If you’ve done any amount of heavy UNIX systems administration work, you’ve undoubtedly written several big ugly Bash scripts.
for i in `more standard_package_list.txt `
apt-get install $i
This simple code example will read a txt file with a list of required packages, and then install all packages.
So how can Puppet help us with this task?
$package_list = ['apache2','php5','screen']
ensure => 'latest',
provider => 'apt',
Then make sure to chown this file:
$ chmod +x packages.pp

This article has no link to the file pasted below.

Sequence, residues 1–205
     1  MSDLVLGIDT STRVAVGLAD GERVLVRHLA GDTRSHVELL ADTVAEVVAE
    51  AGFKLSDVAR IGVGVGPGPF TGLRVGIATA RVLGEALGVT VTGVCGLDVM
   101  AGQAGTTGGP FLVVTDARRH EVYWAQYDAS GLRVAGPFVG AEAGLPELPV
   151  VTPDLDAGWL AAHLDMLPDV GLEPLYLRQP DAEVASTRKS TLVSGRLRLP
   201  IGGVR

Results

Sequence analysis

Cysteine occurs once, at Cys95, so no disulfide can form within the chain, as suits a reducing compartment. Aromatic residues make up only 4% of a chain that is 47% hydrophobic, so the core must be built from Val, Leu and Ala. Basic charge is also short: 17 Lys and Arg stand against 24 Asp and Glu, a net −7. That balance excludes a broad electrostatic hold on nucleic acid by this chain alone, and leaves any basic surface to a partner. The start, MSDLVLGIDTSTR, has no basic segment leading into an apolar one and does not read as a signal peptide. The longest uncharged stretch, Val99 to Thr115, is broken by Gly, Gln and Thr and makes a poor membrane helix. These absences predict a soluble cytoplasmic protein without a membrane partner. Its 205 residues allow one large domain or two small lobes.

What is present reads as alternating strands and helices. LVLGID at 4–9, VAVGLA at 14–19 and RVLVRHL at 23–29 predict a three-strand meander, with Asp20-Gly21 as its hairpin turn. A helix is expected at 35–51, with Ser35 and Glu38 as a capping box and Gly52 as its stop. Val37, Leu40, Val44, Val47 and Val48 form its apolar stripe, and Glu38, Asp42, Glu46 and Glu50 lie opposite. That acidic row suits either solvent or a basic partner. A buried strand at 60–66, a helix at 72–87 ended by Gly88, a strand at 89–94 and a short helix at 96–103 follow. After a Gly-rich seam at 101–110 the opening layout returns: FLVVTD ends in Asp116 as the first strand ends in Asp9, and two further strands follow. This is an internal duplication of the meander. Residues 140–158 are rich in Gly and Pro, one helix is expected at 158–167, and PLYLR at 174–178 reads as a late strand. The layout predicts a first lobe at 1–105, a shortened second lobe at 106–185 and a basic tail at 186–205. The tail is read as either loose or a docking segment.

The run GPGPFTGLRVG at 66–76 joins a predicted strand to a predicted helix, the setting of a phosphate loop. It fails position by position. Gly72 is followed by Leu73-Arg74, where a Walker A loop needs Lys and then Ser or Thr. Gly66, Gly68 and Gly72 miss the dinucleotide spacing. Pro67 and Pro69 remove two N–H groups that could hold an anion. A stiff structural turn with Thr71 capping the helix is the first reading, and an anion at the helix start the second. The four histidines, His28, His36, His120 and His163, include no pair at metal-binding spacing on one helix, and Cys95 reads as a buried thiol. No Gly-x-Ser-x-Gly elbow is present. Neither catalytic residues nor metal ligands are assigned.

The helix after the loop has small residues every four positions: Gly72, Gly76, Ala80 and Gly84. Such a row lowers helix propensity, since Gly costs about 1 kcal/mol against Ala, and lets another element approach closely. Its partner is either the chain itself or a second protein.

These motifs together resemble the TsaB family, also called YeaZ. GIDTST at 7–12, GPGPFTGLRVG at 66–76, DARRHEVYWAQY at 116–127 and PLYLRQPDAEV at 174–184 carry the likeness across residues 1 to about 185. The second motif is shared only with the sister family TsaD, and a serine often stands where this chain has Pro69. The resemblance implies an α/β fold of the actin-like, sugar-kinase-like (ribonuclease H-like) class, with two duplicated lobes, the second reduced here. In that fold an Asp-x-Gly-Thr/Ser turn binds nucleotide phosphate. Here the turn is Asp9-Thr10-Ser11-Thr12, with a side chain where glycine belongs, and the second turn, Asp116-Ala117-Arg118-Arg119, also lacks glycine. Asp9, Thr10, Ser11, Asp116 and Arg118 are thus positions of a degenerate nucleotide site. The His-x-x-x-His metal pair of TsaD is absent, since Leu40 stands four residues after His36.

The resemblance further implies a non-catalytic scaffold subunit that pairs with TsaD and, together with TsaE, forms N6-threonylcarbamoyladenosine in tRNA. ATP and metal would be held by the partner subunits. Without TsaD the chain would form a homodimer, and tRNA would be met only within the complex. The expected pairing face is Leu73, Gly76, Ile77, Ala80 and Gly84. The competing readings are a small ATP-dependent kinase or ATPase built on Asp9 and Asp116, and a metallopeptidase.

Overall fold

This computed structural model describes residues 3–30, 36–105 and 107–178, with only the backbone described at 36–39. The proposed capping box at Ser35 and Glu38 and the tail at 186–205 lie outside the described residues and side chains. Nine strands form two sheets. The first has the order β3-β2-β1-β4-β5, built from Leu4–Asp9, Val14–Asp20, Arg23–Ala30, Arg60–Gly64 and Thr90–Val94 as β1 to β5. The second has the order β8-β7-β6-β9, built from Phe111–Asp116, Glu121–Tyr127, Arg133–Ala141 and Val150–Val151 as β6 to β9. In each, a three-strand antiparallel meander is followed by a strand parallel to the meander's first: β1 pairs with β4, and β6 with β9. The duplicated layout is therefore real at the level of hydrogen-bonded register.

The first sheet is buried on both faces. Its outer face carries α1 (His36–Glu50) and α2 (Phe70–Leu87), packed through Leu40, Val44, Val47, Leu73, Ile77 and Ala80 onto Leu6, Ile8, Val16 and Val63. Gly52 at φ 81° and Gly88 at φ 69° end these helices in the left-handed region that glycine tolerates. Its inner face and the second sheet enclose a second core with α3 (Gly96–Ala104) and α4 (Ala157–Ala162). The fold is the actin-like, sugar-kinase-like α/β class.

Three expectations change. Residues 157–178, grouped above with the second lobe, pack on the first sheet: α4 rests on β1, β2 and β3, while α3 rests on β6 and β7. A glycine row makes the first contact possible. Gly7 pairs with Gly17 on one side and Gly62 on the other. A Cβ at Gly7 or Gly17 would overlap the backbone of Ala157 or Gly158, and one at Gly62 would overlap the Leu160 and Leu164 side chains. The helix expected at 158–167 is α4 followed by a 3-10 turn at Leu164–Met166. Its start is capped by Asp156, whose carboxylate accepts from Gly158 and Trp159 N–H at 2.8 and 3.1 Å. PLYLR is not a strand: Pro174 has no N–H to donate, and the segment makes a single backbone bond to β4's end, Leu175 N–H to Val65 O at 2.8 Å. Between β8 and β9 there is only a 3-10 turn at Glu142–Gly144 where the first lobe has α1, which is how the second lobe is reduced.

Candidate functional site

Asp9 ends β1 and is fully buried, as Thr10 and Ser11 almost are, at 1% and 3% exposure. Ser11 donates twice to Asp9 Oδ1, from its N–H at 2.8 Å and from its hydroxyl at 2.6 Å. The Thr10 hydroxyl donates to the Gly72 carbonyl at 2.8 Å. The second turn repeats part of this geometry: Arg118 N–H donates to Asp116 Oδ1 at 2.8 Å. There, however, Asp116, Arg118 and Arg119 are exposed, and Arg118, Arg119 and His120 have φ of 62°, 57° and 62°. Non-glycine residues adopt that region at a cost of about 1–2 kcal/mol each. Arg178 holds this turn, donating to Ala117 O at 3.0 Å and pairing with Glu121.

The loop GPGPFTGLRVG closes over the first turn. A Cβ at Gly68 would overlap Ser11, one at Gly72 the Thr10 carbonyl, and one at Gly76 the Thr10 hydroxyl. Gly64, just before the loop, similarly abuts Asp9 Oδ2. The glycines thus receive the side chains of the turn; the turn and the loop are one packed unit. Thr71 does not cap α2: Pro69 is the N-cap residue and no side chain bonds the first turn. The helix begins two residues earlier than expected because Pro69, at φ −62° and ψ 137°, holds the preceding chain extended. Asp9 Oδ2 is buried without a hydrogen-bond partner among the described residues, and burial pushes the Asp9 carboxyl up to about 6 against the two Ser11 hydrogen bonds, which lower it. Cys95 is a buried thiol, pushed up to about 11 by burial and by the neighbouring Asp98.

Now, when you run this file, Puppet will use the built in ‘apt’ package provider to install the list of packages defined at the top of the file.
It’s actually much easier to write a complex script using a high-level language such as Puppet, rather than Bash, despite this example that requires more code to accomplish the same task using Puppet than Bash.
Using Puppet instead of Bash for basic system scripting gives you many advantages such as better debugging, better error handling, standard formatting, better readability, and is generally much easier to perform complicated tasks than Bash or perl.
It also is a great introduction if you’re just getting your feet wet in the Puppet world. Good luck, and check back soon for more Puppet tutorials.